Life is complex today; there is no doubt. Gone are the days of simple decisions if you are going to live in today’s world in an active way. Even simple-sounding decisions can be daunting—what phone to buy, what foods are good for me, or how much exercise do I really need? Then there are more complex decisions such as, what I should do to live more sustainably? Too many choices, too many conflicting views and too many alternatives can cloud our ability to decide. Many put off making a decision, even though our intentions are very good.
So how do we try to live on a water- or energy budget? Should I install a photovoltaic system, a rainwater system, a geothermal or solar thermal system? These competing choices can all save big dollars over the long term, help reduce our carbon/water footprints and are great alternatives for the environment. Many property owners are not fortunate enough to do all of them, so we have to choose which to do first or which we can really afford, and not do the others. They are all good options and, if done properly, will increase your security and provide a positive return on your investment.
But how to choose? How to prioritize? A good starting point is to gain an understanding of how much you could save, energy- or water-wise. Water and energy audits are a great way to start. These will give you an understanding of where you should spend your hard-earned dollars and what options are first steps to consider.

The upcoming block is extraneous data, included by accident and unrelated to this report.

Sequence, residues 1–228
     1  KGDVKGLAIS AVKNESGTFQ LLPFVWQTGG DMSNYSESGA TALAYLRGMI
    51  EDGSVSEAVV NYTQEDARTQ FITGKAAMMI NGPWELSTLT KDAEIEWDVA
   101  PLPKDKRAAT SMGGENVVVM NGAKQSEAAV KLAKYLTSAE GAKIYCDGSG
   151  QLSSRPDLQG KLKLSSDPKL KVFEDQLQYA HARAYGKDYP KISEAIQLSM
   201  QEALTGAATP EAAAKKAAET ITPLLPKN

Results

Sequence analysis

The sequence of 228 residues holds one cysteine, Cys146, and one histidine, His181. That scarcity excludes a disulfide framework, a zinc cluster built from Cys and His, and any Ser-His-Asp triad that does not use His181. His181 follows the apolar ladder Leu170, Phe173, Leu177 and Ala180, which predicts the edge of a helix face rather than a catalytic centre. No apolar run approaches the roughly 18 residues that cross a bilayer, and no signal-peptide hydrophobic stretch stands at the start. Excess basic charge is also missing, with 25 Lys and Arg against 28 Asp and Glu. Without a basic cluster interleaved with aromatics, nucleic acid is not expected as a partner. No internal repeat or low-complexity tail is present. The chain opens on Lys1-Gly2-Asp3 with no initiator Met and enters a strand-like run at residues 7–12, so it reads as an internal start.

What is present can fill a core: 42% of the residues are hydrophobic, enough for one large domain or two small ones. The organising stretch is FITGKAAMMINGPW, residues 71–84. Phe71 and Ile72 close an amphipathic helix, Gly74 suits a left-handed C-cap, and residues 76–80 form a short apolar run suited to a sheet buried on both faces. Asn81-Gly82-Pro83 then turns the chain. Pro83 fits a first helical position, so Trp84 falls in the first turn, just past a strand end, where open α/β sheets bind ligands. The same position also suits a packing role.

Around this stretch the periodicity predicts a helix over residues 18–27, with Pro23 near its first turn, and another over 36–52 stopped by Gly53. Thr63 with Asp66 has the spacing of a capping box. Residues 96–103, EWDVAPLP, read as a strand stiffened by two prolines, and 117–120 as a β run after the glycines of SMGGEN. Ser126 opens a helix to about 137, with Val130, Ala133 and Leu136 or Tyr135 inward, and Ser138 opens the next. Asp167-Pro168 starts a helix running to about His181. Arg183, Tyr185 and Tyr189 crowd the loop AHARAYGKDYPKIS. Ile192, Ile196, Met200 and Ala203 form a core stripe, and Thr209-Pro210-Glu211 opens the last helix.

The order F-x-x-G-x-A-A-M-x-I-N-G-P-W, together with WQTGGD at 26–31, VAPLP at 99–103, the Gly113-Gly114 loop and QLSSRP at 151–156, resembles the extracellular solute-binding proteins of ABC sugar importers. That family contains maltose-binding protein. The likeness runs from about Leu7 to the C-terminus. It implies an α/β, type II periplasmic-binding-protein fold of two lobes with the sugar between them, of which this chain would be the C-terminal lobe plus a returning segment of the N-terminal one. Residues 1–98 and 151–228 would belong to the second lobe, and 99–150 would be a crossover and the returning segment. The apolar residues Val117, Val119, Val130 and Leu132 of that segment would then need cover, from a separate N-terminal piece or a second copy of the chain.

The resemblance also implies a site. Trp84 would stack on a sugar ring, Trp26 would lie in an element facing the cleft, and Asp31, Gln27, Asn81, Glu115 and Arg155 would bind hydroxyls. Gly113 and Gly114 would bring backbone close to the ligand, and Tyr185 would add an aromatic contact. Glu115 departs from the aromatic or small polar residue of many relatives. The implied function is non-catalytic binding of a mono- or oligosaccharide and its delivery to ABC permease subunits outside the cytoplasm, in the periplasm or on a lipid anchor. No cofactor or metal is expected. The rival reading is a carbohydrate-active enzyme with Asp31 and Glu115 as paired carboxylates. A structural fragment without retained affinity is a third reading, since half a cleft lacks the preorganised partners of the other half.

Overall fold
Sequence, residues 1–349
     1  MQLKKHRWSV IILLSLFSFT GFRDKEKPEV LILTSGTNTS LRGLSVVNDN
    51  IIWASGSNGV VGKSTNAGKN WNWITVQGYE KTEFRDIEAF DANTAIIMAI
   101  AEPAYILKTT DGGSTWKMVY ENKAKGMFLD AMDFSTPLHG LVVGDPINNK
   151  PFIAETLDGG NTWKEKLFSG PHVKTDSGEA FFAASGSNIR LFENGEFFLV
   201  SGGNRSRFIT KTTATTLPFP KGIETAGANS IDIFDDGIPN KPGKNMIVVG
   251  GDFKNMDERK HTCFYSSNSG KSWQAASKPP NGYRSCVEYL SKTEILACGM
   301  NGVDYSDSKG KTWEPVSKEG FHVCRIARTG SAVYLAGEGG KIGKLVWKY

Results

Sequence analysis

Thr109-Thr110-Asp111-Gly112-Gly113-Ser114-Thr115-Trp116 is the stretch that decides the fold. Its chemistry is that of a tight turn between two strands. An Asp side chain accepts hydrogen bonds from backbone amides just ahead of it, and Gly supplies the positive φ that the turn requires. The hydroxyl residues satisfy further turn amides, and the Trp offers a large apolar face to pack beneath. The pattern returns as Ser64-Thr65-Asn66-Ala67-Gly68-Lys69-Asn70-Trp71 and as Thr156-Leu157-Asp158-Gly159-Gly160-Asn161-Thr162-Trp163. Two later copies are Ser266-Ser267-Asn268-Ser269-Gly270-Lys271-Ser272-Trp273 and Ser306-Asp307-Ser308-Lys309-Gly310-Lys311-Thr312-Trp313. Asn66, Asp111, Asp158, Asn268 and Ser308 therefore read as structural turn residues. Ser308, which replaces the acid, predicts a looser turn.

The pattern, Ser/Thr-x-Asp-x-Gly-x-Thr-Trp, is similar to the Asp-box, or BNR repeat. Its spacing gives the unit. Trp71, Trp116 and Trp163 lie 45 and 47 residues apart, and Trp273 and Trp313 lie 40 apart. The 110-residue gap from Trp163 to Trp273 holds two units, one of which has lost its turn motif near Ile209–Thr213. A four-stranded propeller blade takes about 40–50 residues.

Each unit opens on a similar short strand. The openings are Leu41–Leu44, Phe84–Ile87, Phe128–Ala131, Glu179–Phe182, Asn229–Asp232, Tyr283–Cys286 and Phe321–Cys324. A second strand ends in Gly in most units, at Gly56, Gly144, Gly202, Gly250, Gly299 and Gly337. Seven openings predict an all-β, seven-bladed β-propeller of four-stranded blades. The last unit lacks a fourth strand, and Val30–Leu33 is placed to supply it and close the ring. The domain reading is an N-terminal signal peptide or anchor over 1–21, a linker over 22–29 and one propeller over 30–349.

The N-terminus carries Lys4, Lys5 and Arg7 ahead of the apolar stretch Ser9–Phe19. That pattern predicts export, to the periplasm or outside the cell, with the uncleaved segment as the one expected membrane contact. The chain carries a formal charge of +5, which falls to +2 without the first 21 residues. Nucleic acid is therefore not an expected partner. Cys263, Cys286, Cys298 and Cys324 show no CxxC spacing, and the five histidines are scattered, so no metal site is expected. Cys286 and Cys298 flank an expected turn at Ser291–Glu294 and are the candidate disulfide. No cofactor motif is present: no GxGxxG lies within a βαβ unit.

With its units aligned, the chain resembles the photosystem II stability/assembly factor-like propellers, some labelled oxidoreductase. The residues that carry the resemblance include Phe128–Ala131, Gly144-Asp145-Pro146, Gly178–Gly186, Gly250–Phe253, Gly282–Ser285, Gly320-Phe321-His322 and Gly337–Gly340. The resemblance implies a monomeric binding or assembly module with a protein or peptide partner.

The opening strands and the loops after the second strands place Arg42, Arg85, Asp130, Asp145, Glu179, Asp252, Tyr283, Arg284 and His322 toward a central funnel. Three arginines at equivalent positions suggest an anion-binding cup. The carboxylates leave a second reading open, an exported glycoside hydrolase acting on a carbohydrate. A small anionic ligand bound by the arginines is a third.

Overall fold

On the energy side of the equation, it is possible to save up to 30 percent of what you already pay for by performing an energy audit, according to the U.S. Department of Energy (www.energy.gov/public-services/homes). Santa Fe Community College (SFCC) has a Home Audit Energy program and graduates certified auditors. A list of local certified auditors is available at www.bpi.org/homeowners.aspx
“While most people can identify and repair obvious energy issues in their homes, a trained energy auditor can give you a more comprehensive view,” said Xubi Wilson of Energy Solutions New Mexico. “Home energy planning can help a homeowner understand their building—its energy strengths and weaknesses—and how to make the most economical improvements. While economics are important,” Wilson continued, “comfort is the main driving force for most home energy improvements.”
For water, the U.S. Environmental Protection Agency (EPA) has an irrigation audit certification program that teaches professionals how to perform and report on irrigation efficiency and effectiveness. The city of Santa Fe has partnered with the SFCC to offer this program locally. The next class is scheduled for Nov. 5, 6, 12, 13 and 14 at the Santa Fe Convention Center. Graduates must both pass a test and perform a water audit before being certified.
City of Santa Fe Water Conservation Manager Laurie Trevizo states, “We are pleased to offer landscape professionals an opportunity to be nationally certified and expand their business. Some of the benefits of landscape evaluations include reducing water consumption, increasing the efficiency of your irrigation system and ultimately saving money on water bills.” To register for the class, go to www.santafenm.gov/waterconservation
Investments in energy and water systems such as photovoltaic, solar thermal and rainwater harvesting are great ways to save money, energy and water; however, reducing what you are already using should always be the first step. Get an audit and save.
Information and a DIY video for homeowners may be viewed at: http://www.sfcc.edu/NM_energysmart_academy
Doug Pushard, founder of HarvestH2o.com, is a member of the city of Santa Fe Water Conservation Committee. He designs and installs active and passive rainwater systems in northern New Mexico. firstname.lastname@example.org